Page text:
NAACP Condemns Academy Awards for Snubbing People of Color on Martin Luther King, Jr.’s, Birthday

Jayden Austin (11-years-old) placed 100 Monrovia Weekly newspapers on guests’ chairs at a ceremony honoring Dr. King in West Covina this past Monday. - Courtesy Photo

Jayden Austin (11-years-old) placed 100 Monrovia Weekly newspapers on guests’ chairs at a ceremony honoring Dr. King in West Covina this past Monday. – Courtesy Photo

By Terry Miller

 Last Monday, Jan. 18, the nation honored the life and times of Dr. Martin Luther King, Jr. with parades, special ceremonies, and recreation of some of his most beloved and poignant speeches.

At one event, held in West Covina, Jayden Austin (11-years-old) placed 100 Monrovia Weekly newspapers on guests’ chairs prior to the speeches. The event coordinators requested copies of the paper which featured a page one story on Dr. King’s life.

However, the events honoring the birthday of one of the most important figures in American history were overshadowed by Hollywood’s snub of African-Americans’ contribution to the film industry.

The NAACP issued the following statement in conjunction with the announcement of the 88th Academy Awards which gave no mention to any black actors or those behind the camera. As a result many actors and directors like Spike Lee are planning on boycotting the Awards.

“The presentation of the annual Academy Awards has long served as the culminating event of the awards season. With the announcement of the nominees for the 88th Academy Awards, the contributions of people of color to the movie industry – both in front of and behind the cameras – once again have been severely overlooked. Of the 20 acting nominations, including Best Actor and Actress, and Best Supporting Actor and Actress, the Academy failed for the second year in a row to nominate a single actor of color.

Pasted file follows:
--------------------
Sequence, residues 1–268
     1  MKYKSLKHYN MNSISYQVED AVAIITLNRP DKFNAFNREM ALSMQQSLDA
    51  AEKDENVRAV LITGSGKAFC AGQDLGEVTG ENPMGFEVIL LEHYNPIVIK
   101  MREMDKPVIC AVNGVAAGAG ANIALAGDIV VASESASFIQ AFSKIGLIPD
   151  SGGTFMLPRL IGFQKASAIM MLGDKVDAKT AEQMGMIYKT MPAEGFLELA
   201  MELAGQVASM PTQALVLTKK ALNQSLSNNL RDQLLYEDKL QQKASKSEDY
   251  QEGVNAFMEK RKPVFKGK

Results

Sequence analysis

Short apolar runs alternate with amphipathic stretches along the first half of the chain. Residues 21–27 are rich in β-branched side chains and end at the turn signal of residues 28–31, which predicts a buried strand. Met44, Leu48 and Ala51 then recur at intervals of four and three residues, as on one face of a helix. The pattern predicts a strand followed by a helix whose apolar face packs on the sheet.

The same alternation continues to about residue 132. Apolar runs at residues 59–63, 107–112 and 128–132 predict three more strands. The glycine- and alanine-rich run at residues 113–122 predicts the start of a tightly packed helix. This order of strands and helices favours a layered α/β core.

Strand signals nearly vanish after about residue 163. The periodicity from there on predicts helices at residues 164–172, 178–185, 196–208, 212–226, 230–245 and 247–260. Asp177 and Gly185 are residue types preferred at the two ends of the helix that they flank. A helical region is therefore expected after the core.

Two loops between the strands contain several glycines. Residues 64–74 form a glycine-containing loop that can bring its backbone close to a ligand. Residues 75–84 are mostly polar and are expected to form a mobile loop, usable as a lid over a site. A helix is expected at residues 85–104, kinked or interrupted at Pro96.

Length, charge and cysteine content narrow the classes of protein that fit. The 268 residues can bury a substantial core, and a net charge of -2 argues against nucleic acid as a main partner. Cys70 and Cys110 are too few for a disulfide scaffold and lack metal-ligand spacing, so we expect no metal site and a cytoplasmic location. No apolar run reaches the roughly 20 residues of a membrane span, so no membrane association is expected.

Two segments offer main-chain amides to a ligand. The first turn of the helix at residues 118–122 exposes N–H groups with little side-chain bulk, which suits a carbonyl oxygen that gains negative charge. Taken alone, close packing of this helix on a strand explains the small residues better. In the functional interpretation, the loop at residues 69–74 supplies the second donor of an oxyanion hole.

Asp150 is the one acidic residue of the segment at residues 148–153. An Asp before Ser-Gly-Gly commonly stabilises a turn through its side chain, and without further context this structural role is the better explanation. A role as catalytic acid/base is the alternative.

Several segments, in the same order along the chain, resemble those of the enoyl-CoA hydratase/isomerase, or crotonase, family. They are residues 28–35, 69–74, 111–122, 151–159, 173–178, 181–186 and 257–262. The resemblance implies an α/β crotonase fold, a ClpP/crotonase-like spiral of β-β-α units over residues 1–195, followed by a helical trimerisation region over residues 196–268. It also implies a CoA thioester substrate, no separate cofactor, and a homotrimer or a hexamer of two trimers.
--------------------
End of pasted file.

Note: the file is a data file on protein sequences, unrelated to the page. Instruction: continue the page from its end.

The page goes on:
“The artistic judgment of the Academy can’t be dictated. The diversity of the Academy, however, can and should be demanded. The Academy is revered for its role in judging the highest expression of human ideals in film. The Academy’s judgment, however, would be better respected were it based on a diversity of membership reflecting the diversity of moviegoers. Diversity in Hollywood in 2016 seems like dialogue from a black and white silent movie in 1916, words are spoken but no one seems to be able to hear and heed the need for diversity and credibility in the Academy.

“We commend the recent efforts of the Academy to increase diversity among its members, the record however is inadequate. Lack of recognition by the Academy of exemplary performances and work by people of color working in the industry led to the creation of the NAACP Image Awards almost 47 years ago. With the 2016 nomination results, our mission and efforts are as relevant today as they have been in the past.
“According to the 2013 Motion Picture Association of America’s Theatrical Market Statistics Report, people of color represented 51 percent of the frequent movie going audience, and 32 percent of that audience was Latino, while African Americans represented 12 percent. These numbers alone reflect the unbalanced relationship people of color have with Hollywood. It shows how we steadfastly support the movies, while the Academy Awards seldom recognizes the numerous contributions made by people of color towards making movies, appearing in movies and even viewing them.
“It is time for the Academy Awards to be as relevant to the new crop of actors and movie-going audiences as they are to the new movie viewing platforms. A first step is to revisit the Academy membership and how it can play catch up to reflect a 21st century world. Another is to question advertisers who support the Awards show. In 2014, the Academy of Motion Picture Arts and Sciences’ revenue of $97.3 million dollars was due in large part to the domestic rights of its broadcast partner, ABC television, which has broadcast rights through 2020.
“The 2014 Oscars broadcast boasted the highest telecast in 10 years with 43 million viewers. This was the same year that had the most diverse slate of movies by filmmakers of color as well as actors, which assuredly attributed to its ratings increase. Diversity is not just good business, it’s the only business and the 2014 ratings numbers show that. It’s time the Academy recognizes the value and the voice of people of color and until they do, we should switch the channel until that old guard can reflect and respect what people of color bring to the table.”

January 27, 2016

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